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Lung Cancer Screening

A low-dose CT at Baptist Cancer Center can identify cancer at its earliest, most treatable stages. If you are a current or former smoker, find out below if you qualify for a screening.

If you meet the qualifications, our patient navigator will be in touch.

Lung Cancer Screening

Low-Dose CT Lung Screenings: Who Qualifies?

You qualify for a low-dose CT screening if you:

  • Are age 50–77
  • Currently smoke or have quit within the last 15 years
  • Have at least a 20-pack-year history of smoking (one pack a day for 20 years, two packs a day for 10 years, etc.)

When our patient navigators contact you, they’ll ask you questions about your health, tobacco use and smoking history. Then they’ll be able to recommend whether you should get screened and help you schedule an appointment.

Medicare and most private insurers cover these screenings with no out-of-pocket costs for patients who qualify. Follow-up tests and additional screenings after your initial scan may require a co-pay or deductible. Our patient navigators can help you understand your coverage.

If you meet the qualifications, our patient navigator will be in touch.


Early Detection Can Save Your Life

Even if you are not a smoker, you may still be at risk for lung cancer. Most people with early-stage lung cancer show few symptoms, if any at all. Early detection through regular screenings lets you detect the disease early when it is more treatable, gives you more options for treatments, and provides you the best chance to beat cancer.

Why should I get a screening test for lung cancer?

Many people with lung cancer have no symptoms before diagnosis, so screening for the disease can help detect it before it has spread and is more difficult to treat. If you have ever smoked, even if you have quit, take this questionnaire to determine if you are at risk for lung cancer and should get screened.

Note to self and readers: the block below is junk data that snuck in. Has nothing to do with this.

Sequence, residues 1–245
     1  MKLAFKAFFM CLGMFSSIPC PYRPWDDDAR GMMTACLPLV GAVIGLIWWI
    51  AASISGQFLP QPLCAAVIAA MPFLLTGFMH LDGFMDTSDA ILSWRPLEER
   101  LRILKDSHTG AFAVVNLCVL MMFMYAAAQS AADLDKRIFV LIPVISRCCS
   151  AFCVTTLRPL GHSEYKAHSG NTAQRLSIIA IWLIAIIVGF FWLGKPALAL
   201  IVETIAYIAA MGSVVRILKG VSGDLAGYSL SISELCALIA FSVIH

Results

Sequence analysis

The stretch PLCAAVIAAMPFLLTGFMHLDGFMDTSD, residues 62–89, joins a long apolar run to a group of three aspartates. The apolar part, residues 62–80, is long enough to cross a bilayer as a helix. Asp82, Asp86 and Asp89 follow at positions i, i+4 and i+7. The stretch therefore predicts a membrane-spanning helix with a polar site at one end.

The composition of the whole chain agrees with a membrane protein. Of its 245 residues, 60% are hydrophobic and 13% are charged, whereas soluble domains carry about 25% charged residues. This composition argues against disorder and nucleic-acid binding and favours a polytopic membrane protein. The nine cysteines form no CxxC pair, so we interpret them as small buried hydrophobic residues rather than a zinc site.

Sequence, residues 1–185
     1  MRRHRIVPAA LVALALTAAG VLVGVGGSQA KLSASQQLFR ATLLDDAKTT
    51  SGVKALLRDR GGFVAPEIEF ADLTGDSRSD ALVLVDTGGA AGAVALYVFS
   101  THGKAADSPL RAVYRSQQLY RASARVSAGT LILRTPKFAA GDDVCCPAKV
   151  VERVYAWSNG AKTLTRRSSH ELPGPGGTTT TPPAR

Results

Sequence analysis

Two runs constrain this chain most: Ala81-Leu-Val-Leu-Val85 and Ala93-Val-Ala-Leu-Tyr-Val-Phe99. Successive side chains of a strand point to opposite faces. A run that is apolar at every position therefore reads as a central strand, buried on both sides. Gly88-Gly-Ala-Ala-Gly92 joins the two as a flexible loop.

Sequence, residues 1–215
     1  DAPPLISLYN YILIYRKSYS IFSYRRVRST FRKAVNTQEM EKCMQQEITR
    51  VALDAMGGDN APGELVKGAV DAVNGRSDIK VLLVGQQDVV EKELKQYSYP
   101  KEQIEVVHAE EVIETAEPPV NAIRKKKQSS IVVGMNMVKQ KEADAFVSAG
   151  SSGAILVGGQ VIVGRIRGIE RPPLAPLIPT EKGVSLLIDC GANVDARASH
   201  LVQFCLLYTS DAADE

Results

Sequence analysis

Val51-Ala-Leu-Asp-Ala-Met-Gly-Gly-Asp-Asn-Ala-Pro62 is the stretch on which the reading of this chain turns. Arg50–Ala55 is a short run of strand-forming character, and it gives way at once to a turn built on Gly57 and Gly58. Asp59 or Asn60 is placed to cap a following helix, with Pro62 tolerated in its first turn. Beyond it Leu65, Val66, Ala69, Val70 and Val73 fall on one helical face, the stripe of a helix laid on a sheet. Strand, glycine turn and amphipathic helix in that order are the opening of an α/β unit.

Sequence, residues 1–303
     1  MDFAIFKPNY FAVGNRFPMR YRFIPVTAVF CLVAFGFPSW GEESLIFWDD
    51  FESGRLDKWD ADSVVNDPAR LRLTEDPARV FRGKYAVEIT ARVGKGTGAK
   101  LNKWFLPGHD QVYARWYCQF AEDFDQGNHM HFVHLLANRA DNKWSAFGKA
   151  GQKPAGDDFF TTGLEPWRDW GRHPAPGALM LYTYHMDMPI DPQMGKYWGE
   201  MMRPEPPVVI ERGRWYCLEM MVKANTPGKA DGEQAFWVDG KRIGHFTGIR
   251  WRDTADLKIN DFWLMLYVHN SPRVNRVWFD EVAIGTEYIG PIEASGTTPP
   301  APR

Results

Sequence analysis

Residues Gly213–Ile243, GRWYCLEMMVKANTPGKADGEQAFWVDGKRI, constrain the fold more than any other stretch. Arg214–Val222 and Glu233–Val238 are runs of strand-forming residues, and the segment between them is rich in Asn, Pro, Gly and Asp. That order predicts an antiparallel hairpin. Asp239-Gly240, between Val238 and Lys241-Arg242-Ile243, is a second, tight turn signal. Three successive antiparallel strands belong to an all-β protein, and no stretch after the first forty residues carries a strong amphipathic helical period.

What Is Cancer Screening?
It is a test to check for disease in someone who may not have any symptoms. Some examples of cancer screenings include mammography for breast cancer, pap smears for cervical cancer and colonoscopies for colorectal cancer. Studies have shown that screening individuals at high risk for lung cancer with low-dose CT scans can lead to detecting lung cancer early — when it’s easier to treat and more likely to be cured.
Who Is Eligible For Screening?
Annual lung cancer screenings are recommended for 1) those who are considered heavy smokers (smoking an average of at least one pack of cigarettes a day for 20 years or two packs a day for 10 years), 2) those who are currently smoking or who quit in the last 15 years, and 3) those between 50 and 80 years old.
How Do You Screen For Lung Cancer?
We perform a low-dose CT scan to get a diagnostic image of your lungs. The scan takes just a few minutes and uses a lower amount of radiation than a regular CT scan.
Is Screening Covered By Insurance?
Yes. Medicare and most commercial insurances will cover those 55 years old or older for an annual test with no out-of-pocket expenses. However, additional testing and follow-up scans between screenings may have a cost, such as a co-pay or deductible. Please check with your insurance company to determine if testing is covered.
What Happens During A Low-Dose CT Screening Test?
A machine called a CT scanner takes 3D X-ray pictures of your lungs using a small amount of radiation. The scan is quick and painless and requires no needles or dyes. Typically, there’s no need to remove your clothing for the test, and you can eat or drink normally before the test.
Are There Risks Involved With The Screening?
As with all cancer screenings, there are risks. For example, some cancers may still be missed, you may be exposed to radiation, and some scans may show spots on the lungs which turn out to be non-cancerous. When needed, your doctor may recommend additional testing to diagnose or rule out lung cancer. That could mean another low-dose CT scan, a minimally invasive tissue sample/biopsy or possible surgery, or other treatments.